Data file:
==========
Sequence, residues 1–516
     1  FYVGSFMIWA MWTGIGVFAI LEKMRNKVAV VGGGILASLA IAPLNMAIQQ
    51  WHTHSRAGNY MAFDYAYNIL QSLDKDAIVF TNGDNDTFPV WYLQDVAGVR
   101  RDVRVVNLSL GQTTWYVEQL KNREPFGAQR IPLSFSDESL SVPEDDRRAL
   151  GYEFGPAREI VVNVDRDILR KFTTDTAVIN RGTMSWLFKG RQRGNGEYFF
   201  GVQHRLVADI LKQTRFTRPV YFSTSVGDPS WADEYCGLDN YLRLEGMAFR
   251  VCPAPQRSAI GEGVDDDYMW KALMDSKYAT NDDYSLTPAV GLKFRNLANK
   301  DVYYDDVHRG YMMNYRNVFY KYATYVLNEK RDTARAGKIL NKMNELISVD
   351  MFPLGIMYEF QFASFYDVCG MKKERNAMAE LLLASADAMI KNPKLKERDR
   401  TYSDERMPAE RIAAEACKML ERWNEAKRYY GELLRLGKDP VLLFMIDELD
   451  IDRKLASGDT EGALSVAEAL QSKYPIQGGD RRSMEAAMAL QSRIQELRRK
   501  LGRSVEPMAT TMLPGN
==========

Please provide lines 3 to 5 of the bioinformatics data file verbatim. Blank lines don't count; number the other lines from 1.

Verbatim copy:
    51  WHTHSRAGNY MAFDYAYNIL QSLDKDAIVF TNGDNDTFPV WYLQDVAGVR
   101  RDVRVVNLSL GQTTWYVEQL KNREPFGAQR IPLSFSDESL SVPEDDRRAL
   151  GYEFGPAREI VVNVDRDILR KFTTDTAVIN RGTMSWLFKG RQRGNGEYFF